VOL. 133 | NO. 47 | Tuesday, March 6, 2018
Freeman: Wide Income, Poverty Gaps Persist in Shelby County
By Bill Dries
The president of the National Civil Rights Museum says the national attention that comes with the 50th anniversary of the 1968 sanitation workers strike and Dr. Martin Luther King Jr.’s assassination can be a guide for the nation as well as Memphis.
“I think that Memphis addressing the issues of the past, where we are presently and where we are headed is the best picture we can present,” Terri Lee Freeman said on the WKNO/Channel 10 program “Behind The Headlines.”
“I think the fact that people are thinking about where do we go from here is a very positive thing,” she said in response to a question about criticism of the city administration last month by CNN and NPR commentator Angela Rye.
Rye was critical of the city for not having come far enough since 1968, particularly in combatting childhood poverty.
“I think the worst thing we could do would be to sugarcoat where we are,” Freeman said. “I think it’s important for us to be honest about where we are and optimistic about where we are headed.”
The museum and the University of Memphis released a report last week that tracks poverty in Shelby County in the 50 years since the historic events of 1968.
The report found median income for black Shelby Countians remains consistently about half that of white Shelby Countians.
“What really struck me is that African-Americans have made tremendous gains in education. They have taken advantage of every opportunity afforded to them,” said Elena Delavega, the lead researcher who has been studying poverty in Memphis as associate professor of social work at the University of Memphis since 2011. “But the median wage has remained about half that of whites – pretty consistently through the decades – regardless of what else is happening in the economy or in civil rights.”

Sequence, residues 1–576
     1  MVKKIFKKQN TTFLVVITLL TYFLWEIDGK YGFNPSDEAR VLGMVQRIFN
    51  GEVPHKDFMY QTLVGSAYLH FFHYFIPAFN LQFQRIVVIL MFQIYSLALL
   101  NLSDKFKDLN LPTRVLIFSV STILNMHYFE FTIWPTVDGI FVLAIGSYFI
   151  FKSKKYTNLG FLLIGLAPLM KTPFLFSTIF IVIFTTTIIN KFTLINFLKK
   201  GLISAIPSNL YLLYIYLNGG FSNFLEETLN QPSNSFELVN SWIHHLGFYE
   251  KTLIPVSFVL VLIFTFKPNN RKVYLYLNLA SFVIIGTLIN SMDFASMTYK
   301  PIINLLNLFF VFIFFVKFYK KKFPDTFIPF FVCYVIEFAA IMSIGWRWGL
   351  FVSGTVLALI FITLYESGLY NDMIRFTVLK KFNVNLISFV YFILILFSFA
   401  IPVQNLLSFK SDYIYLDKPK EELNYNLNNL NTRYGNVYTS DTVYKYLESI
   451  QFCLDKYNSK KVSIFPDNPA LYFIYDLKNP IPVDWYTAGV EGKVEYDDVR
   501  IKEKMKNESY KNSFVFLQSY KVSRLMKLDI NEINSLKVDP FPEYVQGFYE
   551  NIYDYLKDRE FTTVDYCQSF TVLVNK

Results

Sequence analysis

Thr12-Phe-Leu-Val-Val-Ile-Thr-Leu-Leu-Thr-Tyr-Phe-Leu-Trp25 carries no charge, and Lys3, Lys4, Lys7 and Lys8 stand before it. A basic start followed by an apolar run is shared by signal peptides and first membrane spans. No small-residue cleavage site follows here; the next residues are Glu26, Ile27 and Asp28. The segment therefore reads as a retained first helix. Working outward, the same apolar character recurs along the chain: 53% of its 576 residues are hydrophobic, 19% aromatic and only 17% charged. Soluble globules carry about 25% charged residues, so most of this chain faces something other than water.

Freeman says the local data reflects what is happening nationally, with one notable exception.
“Honestly, I think you could go to almost any urban center in America and you would find some iteration of this data. I don’t think that this is specific to Memphis,” she said. “Now, I do think that the child poverty for African-American children is very high. I don’t think you’ll find that in every urban center.”
According to the report, 48 percent of African-American children in Shelby County live in poverty. The rate is more than four times greater than the percentage of white children locally living in poverty.
Freeman plans to present the study to business leaders at a Greater Memphis Chamber breakfast.
“You can’t start everywhere. But you can begin to create a plan and a path forward that begins to chip away at some of this. It’s not a public-sector issue or a private-sector issue or a nonprofit-sector issue. It’s an entire community issue and we have to deal with it from that perspective.”
Terri Lee Freeman,
President of the National Civil Rights Museum
“You can’t start everywhere. But you can begin to create a plan and a path forward that begins to chip away at some of this,” she said. “It’s not a public-sector issue or a private-sector issue or a nonprofit-sector issue. It’s an entire community issue and we have to deal with it from that perspective.”